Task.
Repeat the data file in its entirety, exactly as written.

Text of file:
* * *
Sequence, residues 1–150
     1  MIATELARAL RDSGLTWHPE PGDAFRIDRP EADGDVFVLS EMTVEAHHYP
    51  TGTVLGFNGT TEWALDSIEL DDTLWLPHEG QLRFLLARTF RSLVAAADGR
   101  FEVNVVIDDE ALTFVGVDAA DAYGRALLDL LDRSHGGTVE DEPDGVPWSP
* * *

Sequence, residues 1–150
     1  MIATELARAL RDSGLTWHPE PGDAFRIDRP EADGDVFVLS EMTVEAHHYP
    51  TGTVLGFNGT TEWALDSIEL DDTLWLPHEG QLRFLLARTF RSLVAAADGR
   101  FEVNVVIDDE ALTFVGVDAA DAYGRALLDL LDRSHGGTVE DEPDGVPWSP